Taiwan Tati Cultural and Educational Foundation

 
  • Increase font size
  • Default font size
  • Decrease font size
Home The News News Talks on transitional justice for Aborigines put on hold

Talks on transitional justice for Aborigines put on hold

E-mail Print PDF

To promote transitional justice for Aborigines, the government should clearly define the scope of Aboriginal territories, lawmakers agreed unanimously at a legislative session.

The Legislative Yuan on Tuesday last week passed the Act on Promoting Transitional Justice (促進轉型正義條例), which is aimed at redressing injustices perpetrated by the Chinese Nationalist Party (KMT) administration during the authoritarian era between Aug. 15, 1945, when the Japanese government surrendered in World War II, and Nov. 6, 1992, when the Period of National Mobilization Against the Communist Rebellion ended in Kinmen and Lienchiang counties.

In a Judiciary and Organic Laws and Statutes Committee meeting on Monday, lawmakers discussed five proposed draft bills on promoting transitional justice for Aborigines.

The bill should also deal with the injustices done to Aborigines and “comfort women” during the Japanese colonial era, Chinese Nationalist Party (KMT) Legislator Yosi Takun said, adding that his suggestion to have those issues included in the Act on Promoting Transitional Justice had been rejected.

In his draft bill, Yosi Takun defines Aboriginal territories in an attempt to help Aborigines reclaim property seized by the government since the Japanese colonial era.

In response, Council of Indigenous Peoples Minister Icyang Parod said the definitions would be tackled in a draft Aboriginal land and sea bill, which is being prepared by the council.

However, the minister’s remarks sparked criticism.

The minister’s view is totally unacceptable because the rights of Aborigines can never be severed from their lands, Non-Partisan Solidarity Union Legislator May Chin (高金素梅) said.

Legalizing Aborigines’ rights to reclaim their property certainly relates to historical justice, especially when there is a subcommittee on land matters under the Presidential Office’s Indigenous Historical Justice and Transitional Justice Committee, New Power Party Legislator Kawlo Iyun Pacidal said.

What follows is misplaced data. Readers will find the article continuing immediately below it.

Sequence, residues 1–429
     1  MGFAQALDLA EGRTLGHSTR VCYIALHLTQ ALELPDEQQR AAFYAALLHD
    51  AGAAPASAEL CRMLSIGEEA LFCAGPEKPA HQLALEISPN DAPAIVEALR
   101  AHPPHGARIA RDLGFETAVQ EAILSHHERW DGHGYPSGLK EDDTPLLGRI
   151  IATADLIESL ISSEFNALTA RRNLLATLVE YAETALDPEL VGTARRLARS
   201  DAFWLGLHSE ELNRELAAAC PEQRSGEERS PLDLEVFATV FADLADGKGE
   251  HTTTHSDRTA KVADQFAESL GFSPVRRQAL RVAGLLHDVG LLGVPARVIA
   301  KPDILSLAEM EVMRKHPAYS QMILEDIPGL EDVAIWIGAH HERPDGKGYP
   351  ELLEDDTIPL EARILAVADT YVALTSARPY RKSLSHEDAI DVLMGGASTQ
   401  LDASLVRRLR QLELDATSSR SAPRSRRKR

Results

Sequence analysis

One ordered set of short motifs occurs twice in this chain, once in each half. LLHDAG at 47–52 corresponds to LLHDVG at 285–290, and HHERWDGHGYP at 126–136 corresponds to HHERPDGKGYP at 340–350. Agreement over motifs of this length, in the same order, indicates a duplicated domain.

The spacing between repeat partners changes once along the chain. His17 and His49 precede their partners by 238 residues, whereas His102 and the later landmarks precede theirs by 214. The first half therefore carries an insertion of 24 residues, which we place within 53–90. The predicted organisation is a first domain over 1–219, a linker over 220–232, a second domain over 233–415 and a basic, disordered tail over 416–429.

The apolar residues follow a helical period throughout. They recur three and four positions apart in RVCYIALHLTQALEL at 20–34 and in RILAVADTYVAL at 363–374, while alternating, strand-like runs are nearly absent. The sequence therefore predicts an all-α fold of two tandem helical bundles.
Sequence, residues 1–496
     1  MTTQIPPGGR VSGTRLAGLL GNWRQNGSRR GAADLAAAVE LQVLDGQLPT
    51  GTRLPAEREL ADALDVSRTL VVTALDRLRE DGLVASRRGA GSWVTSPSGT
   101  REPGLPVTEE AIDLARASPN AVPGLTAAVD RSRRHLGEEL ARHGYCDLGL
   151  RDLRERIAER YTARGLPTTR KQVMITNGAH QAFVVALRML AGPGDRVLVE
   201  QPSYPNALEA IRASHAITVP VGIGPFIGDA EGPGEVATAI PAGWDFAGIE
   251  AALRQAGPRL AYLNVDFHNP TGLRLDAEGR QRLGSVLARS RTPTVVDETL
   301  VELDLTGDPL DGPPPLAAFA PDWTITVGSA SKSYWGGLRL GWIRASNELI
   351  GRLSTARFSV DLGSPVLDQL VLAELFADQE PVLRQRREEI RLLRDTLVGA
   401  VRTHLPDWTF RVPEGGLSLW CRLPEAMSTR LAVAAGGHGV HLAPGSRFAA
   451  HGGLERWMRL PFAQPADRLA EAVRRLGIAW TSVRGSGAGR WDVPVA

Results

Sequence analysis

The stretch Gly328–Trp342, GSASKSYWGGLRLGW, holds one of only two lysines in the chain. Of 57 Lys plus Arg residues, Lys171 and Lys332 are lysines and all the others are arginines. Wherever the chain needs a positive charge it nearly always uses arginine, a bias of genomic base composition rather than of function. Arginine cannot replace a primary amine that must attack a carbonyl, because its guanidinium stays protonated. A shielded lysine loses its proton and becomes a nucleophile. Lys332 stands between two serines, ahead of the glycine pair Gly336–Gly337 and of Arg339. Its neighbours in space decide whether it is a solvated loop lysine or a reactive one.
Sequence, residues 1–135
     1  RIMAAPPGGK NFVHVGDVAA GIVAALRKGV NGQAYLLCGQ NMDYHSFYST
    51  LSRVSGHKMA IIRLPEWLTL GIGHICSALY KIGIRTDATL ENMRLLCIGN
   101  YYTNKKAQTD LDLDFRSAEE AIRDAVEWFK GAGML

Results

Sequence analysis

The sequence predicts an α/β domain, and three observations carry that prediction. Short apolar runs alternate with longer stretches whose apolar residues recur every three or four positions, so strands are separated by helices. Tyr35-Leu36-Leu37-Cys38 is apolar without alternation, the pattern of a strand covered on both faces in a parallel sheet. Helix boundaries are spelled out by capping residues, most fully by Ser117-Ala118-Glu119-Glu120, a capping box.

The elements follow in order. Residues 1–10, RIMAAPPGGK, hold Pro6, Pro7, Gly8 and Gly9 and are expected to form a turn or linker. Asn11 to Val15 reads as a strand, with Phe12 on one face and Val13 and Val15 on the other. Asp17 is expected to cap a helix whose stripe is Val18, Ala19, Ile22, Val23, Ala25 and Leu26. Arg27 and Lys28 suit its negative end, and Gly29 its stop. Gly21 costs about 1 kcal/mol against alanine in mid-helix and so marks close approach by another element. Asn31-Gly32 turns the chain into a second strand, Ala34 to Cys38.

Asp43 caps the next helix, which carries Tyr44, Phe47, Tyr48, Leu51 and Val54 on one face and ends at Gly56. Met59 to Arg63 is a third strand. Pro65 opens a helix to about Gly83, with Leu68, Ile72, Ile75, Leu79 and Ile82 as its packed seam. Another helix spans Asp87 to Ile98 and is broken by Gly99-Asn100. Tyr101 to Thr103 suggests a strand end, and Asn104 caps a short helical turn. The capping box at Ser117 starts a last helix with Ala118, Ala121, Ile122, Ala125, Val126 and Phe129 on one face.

On the time frame for dealing with the historical injustices done to Aborigines, lawmakers differed.

Committee convener KMT Legislator Alicia Wang (王育敏) suggested that the time frame start in 1895 when the Qing Empire ceded the sovereignty of Taiwan to Japan in the Treaty of Shimonoseki.

However, the investigation of historical truths should not have a time limit, she added.

After no consensus about a time frame was reached at the meeting, the subject was again picked up on Wednesday when Democratic Progressive Party Legislator Tuan Yi-kang (段宜康) tendered a motion that the committee should put off the discussion until the Executive Yuan presents its draft bill on promoting transitional justice for Aborigines in six months.

The Executive Yuan’s draft bill could be examined together with the five draft bills proposed by lawmakers at that time, Tuan said.

After Tuan’s motion was passed, Icyang promised that the council would propose a draft bill within six months.

Additional reporting by Cheng Hung-ta


Source: Taipei Times - 2017/12/16



Add this page to your favorite Social Bookmarking websites
Reddit! Del.icio.us! Mixx! Google! Live! Facebook! StumbleUpon! Facebook! Twitter!  
 

Newsflash


Taiwan Thinktank deputy executive director Lai I-chung yesterday presents the results of an opinion poll at a press conference in Taipei.
Photo: Lo Pei-der, Taipei Times

A majority of Taiwanese believe the nation’s presidential candidates should make an unequivocal statement that Taiwan is not part of China, according to a Taiwan Thinktank survey released yesterday.